“It was a great honor to carry a Hirshfanger on your belt. Also, some of the little acorn pins would he set into the handle of the dagger for decoration”
“When he shot an animal, sometimes the bullet would not kill it right away. Then he would approach the animal and dispatch it with the Hirshfanger. One great thrust to the heart to finish it. Your Great Grandfather would always say a short prayer before killing an animal, especially a deer. I think it was “God knows that I only take your life so that others might live”… or something to that effect.”
“So… now…. Any more questions?.. we are almost done here and we have to get cleaned up and get dinner on soon”
I had been so fully wrapped up in her words and visions of deer and wild boar and the thrill of the chase, even if it was just in my mind, that I also forgot a question.. But the wonderful fog lifts and I ask “Yes Aunt Mary… Great Grandfathers rifles… those “Drillings”… may I see one??”
“No, Hon… sadly, those are the first things the town took from him before he came to America….”
“Then…. Can I see Uncles dagger later today?”
“Yes Hon… I will make sure he shows you his dagger”….
We finish our work and go to clean up a little. I am soon involved with the evening chores with my cousin, we have to feed the milk cattle in the barn before dinner and bring in more wood for the fires, so off we go to do our work, all the while, visions of hunting race through my mind.
The evening tradition continues, and tonight, all seven have deer they took so there will be stories till the late hours of the evening. For a young boy, it’s a story time smorgasbord!
Dinner is over and the men retire to the great room for hot drinks and stories.
Aunt Mary whispers is Uncles ear and he give her a strong look! Usually the kind of look he gives just before he complains about something. But, just as fast, it passes and gets up to leave the room.
Soon, he comes back and says in that large voice of his..
“SO… you want to see my knife eh??.. well…. Don’t cut yourself…”
And he hands it to me, and my cousin sits just a bit closer to see also.
The sheath is worn but clean. It looks as if he uses shoe polish on it regularly. The sheath tip is a slightly tarnished brass as is the pommel and hilt. The cross hilt is curved and ends in the shape of an acorn. The side of the hilt has a sea shell shaped fan that drops just below the top of the sheath. It is worn as show some small dents in it, but nothing that detracts from its overall beauty. The blade is engraved with hunting scenes on one side, a deer being taken down by a mountain lion. The other side has Oak leaves and acorns all down the blade.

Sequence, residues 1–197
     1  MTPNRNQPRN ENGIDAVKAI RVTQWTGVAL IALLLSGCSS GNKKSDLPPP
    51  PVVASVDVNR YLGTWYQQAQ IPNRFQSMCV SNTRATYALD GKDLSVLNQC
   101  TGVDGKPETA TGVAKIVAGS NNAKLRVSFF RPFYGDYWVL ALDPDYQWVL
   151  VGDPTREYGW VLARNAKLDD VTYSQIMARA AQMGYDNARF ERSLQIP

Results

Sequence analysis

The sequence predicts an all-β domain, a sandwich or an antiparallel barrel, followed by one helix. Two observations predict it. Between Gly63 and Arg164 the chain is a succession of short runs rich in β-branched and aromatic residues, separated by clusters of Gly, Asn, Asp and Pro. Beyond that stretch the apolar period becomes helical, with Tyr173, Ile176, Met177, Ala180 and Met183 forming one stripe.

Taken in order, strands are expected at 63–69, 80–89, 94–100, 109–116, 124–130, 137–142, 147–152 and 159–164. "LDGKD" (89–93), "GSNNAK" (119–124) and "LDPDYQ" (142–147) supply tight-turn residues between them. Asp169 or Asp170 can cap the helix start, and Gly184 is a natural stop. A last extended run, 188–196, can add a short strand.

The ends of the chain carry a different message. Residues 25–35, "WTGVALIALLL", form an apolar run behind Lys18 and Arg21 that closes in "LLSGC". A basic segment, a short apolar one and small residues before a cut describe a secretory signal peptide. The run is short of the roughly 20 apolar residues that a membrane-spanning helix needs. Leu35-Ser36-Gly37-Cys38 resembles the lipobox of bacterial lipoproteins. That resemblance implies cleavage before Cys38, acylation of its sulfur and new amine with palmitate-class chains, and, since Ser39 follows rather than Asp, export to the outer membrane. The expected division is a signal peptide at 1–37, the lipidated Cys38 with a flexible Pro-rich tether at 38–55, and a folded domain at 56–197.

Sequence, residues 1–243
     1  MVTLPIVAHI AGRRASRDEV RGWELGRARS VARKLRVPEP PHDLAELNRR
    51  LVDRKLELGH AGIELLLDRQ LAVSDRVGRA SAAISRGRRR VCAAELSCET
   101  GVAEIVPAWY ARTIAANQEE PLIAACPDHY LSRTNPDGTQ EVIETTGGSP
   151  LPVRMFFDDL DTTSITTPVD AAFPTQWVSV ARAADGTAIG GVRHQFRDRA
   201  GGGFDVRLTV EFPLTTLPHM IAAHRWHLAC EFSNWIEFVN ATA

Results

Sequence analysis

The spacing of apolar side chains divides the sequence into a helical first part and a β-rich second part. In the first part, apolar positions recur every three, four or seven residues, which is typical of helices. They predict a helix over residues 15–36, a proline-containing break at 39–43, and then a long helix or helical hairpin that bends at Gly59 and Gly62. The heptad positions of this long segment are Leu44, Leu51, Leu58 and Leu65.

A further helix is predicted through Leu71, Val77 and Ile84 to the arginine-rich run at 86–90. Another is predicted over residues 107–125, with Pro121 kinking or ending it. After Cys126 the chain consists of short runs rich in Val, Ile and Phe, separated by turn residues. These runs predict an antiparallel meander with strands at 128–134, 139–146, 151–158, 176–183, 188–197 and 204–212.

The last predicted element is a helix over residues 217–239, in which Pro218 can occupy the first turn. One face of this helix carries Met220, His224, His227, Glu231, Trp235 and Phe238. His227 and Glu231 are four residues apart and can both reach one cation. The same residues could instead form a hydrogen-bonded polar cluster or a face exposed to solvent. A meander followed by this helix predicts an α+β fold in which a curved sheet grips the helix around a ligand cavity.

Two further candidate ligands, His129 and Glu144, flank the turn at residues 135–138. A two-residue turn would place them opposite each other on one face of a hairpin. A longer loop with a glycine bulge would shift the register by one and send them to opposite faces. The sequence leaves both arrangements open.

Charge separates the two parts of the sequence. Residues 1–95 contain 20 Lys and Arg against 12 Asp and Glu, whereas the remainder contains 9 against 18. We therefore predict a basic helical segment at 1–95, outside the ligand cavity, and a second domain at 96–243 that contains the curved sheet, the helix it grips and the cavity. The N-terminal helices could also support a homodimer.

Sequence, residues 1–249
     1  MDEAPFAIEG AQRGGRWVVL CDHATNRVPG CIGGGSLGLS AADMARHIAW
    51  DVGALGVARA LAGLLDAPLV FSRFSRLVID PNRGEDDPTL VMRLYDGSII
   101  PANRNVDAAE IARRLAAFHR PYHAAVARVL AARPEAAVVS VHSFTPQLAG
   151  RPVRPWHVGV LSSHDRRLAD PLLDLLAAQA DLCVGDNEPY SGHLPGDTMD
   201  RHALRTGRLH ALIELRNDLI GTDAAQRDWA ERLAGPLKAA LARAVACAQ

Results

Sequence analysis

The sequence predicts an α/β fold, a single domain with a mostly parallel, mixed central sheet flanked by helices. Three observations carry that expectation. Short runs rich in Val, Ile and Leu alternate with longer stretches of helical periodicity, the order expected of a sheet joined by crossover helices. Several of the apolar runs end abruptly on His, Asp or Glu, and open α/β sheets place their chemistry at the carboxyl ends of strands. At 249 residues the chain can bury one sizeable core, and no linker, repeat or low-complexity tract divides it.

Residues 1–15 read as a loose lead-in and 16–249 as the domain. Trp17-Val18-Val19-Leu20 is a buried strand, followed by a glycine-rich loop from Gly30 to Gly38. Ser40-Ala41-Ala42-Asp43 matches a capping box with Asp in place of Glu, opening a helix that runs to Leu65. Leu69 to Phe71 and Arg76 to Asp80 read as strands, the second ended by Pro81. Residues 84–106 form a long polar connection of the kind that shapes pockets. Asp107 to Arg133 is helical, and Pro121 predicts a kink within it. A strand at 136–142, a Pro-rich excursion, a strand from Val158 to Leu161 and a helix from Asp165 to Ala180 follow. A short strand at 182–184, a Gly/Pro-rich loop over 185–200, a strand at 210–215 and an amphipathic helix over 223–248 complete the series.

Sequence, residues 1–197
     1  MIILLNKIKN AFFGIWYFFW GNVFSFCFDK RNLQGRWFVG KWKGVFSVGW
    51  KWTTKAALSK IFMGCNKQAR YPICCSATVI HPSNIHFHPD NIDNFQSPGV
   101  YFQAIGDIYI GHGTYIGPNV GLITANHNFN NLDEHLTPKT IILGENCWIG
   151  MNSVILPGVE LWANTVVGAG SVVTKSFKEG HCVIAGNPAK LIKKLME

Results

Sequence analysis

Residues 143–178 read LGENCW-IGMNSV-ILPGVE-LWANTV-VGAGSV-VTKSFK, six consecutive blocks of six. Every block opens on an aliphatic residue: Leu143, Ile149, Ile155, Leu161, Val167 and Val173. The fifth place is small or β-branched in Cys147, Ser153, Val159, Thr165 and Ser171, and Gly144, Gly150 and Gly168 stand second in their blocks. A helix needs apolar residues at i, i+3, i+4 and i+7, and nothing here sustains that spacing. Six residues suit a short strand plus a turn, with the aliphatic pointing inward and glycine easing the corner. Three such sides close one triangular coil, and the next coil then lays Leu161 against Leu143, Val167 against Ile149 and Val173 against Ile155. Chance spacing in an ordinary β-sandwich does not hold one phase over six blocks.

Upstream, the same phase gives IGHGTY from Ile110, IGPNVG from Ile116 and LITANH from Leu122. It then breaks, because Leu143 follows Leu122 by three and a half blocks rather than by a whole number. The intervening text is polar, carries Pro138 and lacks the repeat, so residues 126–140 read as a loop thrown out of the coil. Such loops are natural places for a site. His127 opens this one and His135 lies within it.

The blade is about fifteen inches long and looks like a bayonet. That is, one edge is sharp as it can be and the other edge only goes about half way up the blade. The whole thing is about twenty-two to twenty-four inches long.
A large knife that borderlines on a short sword.
My cousin and I share holding and generally fondling the dagger for a long while. Just as the stories start to end, Uncle gently takes it from us and puts it back on the hook in the hallway. There to be ready for another days hunting.
So…. That my friends is a story about a family hunting tradition.
I do not hunt very much any more, but even if I just go out with my son and his friends, I carry a Hirshfanger… just like Uncle and Great Great Grandfather did those many long years ago. However mine was bought, not passed down to. But, it IS a German Hunting Dagger from Solingen, just like those of old.
Mine is a bit worn also now, but, for your pleasure, here is a picture of what is being sold today by the very same people that make the blade of Great Grandfathers.
I hope that you enjoyed the story, it brings many old memories back to me.
Esse Quam Vidiri
Last edited by Mithrandir; 11-03-2005 at 02:13 PM..
|10-28-2006, 07:28 AM||#2|
Join Date: Jun 2003
Re: Hunting Traditions
Great story! Thanx for sharing it with us !
While I don't have any stories such as that, I quess i do have a hunting tradition. My grandfather always wore a specif kind of hat hunting or just "going to town". While i never actually got to hunt with him, I have always worn that same style of hat. It's by no means a modern desgn with some name on it. It's not a typical baseball cap style like most wear hunting. It's just an old hat with a 360* brim. Lightweight too. It's the only hat I'll wear hunting regardless of when and where I am.
We also have a tradition whereby we alsways park in the same spot that grandpa always parked. We still hunt the same area of woods he did some 50 yrs ago.
Waiting to get the chance to go there with my hat and his old Ithica shotgun I now have and make the circle complete. Next yr.
"All you martyrs and saviours go through the same door" - G.S.
|10-28-2006, 11:51 AM||#3|
Advanced Senior Member
Join Date: Aug 2006
Location: South Central Texas
Re: Hunting Traditions
Thanks very moving
Our obligations to our country never cease but with our lives."
--John Adams, letter to Benjamin Rush, April 18, 1808
|10-29-2006, 01:14 PM||#4|
Join Date: Apr 2001
Location: Durango Colorado, the right knee-pit of Colorado
Re: Hunting Traditions
Thanks for your kind words gentlemen.....
Esse Quam Vidiri
|10-29-2006, 02:37 PM||#5|
*TFF Admin Staff Chief Counselor*
Join Date: Mar 2003
Location: At SouthernMoss' side forever!
Re: Hunting Traditions
Thanks for a fine story, Mith.
The flag represents a living country and is itself considered a living thing.
The only criminal class native to the United States is Congress.